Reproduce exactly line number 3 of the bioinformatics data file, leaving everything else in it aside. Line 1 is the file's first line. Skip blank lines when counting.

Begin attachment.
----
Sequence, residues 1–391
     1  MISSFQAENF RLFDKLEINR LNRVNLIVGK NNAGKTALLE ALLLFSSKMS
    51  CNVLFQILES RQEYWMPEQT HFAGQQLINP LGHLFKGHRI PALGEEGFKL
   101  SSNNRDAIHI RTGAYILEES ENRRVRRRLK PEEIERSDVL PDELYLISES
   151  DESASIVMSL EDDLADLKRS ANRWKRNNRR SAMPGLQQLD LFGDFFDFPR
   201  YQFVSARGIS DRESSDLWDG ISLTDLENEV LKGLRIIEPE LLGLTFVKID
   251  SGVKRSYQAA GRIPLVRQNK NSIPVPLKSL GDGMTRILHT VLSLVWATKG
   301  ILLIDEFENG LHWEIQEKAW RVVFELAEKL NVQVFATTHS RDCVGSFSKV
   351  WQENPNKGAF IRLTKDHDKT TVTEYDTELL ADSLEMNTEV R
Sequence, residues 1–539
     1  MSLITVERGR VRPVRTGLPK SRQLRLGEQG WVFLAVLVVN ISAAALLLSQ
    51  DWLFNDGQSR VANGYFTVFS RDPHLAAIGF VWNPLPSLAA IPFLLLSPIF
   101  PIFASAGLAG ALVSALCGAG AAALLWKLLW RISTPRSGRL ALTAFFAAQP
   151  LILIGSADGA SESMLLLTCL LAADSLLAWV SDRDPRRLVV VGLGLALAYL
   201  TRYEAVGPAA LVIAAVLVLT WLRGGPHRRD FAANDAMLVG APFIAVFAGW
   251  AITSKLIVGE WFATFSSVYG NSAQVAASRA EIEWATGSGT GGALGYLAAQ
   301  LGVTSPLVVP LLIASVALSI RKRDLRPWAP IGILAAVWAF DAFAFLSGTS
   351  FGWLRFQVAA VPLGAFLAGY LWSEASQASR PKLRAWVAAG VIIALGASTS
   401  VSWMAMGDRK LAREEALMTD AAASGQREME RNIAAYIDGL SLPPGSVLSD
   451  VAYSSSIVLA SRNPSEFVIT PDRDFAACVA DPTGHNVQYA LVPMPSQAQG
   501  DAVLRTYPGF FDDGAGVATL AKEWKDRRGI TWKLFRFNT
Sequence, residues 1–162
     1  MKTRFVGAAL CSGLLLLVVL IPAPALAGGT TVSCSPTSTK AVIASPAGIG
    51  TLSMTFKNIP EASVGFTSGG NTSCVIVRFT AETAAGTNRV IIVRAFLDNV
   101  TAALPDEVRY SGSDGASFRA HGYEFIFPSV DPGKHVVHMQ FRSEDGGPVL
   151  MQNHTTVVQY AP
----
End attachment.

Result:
    51  CNVLFQILES RQEYWMPEQT HFAGQQLINP LGHLFKGHRI PALGEEGFKL